There are some things I wish I had thought about a little more before I started out using social media, that might have helped to focus me and to identify what would work best. For instance, thinking more about why I wanted to use social media and the audience I was trying to engage with, would have helped me to better identify the best tools. Instead my approach was a bit ad hoc, I carried on using the same ones I had used at work, only to find they might not be the best for what I am now doing. I joined new platforms, like ResearchGate, to engage with an academic audience and I changed the content I used and the platforms I used it on. I am still learning through trial and error what content works best on what platforms. I have spent some time thinking about what I want my public profile to look like and I change it occasionally, keeping some consistency across different platforms. I’ve also thought a bit about what success looks like and how I might ‘evaluate’ if social media is working for me.

I’d encourage PhD students to give it a go, but think about what, why and how first, then just get started and see how it works for you!

The art of writing

The blog post that follows is a slight departure from my usual commentary on housing, policy and politics issues. It’s related to my phd work and comes from a blog I first wrote for the Bristol Doctoral College. I hope you enjoy it!

I’ve always enjoyed writing, even if I don’t always do it well. I find it a creative process, that brings to life all those thoughts and ideas, commentary and debate that whirl around in my head, but frequently have no real outlet. Writing has been a part of every job I’ve had, in different ways and for very different audiences. I’ve had to adapt and develop my own style to respond to the demands of others, and to work to other people’s deadlines that often serve to stifle my own creative process. But, nonetheless, I enjoy writing. I write for fun here on this blog and write contributions to local news websites and magazines, such as Bristol 24-7 and The Bristol Cable, and for the professional press like the Planner Magazine. All of these provide an opportunity to write about things of interest to me, sometimes related to my research but often not, where I can freely express my opinion. That’s part of the fun of writing.

Over the last couple of years I have had to get used to a different kind of writing, one that is more controlled and evidenced, that fits with particular conventions. Last year, when doing an MSc, back in the academic world for the first time in over 20 years, I had to complete formal assignments and a dissertation. This involved a form of writing that was entirely different to anything I have done in a long time. Then this year, embarking on my PhD, I have once more had to develop my style further into academia, a style change I find both challenging and rewarding. Challenging because my inclination is to keep things simple, use simple language and keep away from jargon. Rewarding because when it works and I can combine simplicity with complexity there is a real feeling of achievement.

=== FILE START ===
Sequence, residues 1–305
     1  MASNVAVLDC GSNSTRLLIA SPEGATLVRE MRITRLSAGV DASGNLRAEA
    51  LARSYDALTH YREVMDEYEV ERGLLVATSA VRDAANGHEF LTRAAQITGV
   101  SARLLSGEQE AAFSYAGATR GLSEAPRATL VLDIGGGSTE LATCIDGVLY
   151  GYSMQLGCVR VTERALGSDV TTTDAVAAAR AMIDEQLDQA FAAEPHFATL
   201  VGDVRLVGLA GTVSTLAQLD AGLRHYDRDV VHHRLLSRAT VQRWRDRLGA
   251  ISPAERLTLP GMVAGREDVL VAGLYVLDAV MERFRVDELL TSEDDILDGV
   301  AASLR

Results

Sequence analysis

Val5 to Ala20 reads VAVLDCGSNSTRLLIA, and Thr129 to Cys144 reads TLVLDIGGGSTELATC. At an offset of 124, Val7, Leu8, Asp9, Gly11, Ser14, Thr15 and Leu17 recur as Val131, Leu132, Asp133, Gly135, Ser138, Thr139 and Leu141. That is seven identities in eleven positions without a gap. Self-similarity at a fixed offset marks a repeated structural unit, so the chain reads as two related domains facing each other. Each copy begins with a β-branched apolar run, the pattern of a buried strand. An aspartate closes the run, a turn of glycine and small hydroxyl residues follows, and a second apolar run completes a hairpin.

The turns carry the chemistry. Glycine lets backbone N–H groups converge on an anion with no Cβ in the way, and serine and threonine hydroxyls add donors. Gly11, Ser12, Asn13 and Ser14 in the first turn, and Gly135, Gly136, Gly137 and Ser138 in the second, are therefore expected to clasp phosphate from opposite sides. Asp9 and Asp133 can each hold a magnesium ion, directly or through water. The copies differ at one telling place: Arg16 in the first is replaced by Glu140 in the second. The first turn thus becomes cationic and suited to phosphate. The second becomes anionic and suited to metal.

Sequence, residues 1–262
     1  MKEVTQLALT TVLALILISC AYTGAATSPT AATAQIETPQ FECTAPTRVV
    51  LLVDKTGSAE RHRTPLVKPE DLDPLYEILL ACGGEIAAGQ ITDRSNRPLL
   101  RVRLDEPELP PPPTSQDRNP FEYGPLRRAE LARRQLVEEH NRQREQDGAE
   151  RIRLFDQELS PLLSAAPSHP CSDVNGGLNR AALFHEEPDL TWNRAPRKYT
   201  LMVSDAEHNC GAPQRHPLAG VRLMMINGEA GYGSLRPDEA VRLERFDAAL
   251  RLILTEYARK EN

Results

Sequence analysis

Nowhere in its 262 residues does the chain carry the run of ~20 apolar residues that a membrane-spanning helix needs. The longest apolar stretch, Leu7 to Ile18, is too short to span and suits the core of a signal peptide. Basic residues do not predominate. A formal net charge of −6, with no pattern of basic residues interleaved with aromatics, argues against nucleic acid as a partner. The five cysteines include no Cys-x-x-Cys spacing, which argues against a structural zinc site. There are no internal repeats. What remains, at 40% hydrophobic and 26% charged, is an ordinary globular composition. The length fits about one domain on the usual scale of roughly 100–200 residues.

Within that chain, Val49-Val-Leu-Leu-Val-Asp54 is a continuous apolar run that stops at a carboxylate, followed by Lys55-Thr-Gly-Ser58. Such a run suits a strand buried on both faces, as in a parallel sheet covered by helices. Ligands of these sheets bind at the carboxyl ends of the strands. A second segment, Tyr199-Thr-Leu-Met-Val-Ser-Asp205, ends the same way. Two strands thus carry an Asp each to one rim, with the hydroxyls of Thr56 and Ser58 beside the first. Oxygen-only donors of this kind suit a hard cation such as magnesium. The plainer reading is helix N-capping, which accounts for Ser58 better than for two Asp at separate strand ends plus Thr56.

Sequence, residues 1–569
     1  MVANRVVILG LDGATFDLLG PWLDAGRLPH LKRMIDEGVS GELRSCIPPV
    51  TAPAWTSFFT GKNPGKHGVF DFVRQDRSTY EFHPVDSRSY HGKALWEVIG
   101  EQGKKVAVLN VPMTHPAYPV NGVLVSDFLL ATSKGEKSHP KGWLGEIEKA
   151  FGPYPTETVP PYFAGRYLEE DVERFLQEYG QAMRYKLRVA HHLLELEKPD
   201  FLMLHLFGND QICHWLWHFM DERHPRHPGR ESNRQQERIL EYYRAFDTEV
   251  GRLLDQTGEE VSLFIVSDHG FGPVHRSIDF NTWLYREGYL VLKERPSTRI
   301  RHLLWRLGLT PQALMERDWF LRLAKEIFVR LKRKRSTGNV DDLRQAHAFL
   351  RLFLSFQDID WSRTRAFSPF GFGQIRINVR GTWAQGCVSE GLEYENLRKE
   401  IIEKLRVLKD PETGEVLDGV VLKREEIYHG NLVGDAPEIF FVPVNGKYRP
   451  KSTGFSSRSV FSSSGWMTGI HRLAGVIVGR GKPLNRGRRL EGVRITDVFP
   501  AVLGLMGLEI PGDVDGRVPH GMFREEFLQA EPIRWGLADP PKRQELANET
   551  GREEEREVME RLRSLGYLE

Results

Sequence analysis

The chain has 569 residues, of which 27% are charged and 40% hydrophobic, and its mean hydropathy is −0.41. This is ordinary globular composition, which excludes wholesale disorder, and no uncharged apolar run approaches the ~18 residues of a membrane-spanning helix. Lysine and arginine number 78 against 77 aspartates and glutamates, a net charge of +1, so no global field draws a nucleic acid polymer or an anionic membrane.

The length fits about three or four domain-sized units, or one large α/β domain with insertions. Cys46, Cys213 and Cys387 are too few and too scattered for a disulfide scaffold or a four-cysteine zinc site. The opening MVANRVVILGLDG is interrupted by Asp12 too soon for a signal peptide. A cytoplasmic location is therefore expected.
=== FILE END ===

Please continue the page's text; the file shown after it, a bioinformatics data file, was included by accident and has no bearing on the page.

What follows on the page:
My approach to writing is to see it as a creative output, something that occurs naturally for me in response to learning. After all, what’s the point of all that learning if you can’t share it with other people? A blank page, for me, is an opportunity to articulate and share, rather than something to be scared of. Writing is like creating a painting, there are different layers that are needed to build the picture, which on their own make little sense, but together they can evolve into something worthwhile, a masterpiece that others will enjoy. I view writing my PhD in a similar way. There are layers that I will write at different times, continuously throughout the process, that need to come together into a coherent story at the end. There’s a complexity to this writing process, in terms of debate and argument, analysis and detail. But there’s also a simplicity about it, where carefully crafted pure and simple arguments can be brought together into quite a simple story. A story that will grab the readers attention, and will slowly but surely take them through the complexity in a way that makes sense. In a way that brings them to your conclusions with a sense of understanding and agreement.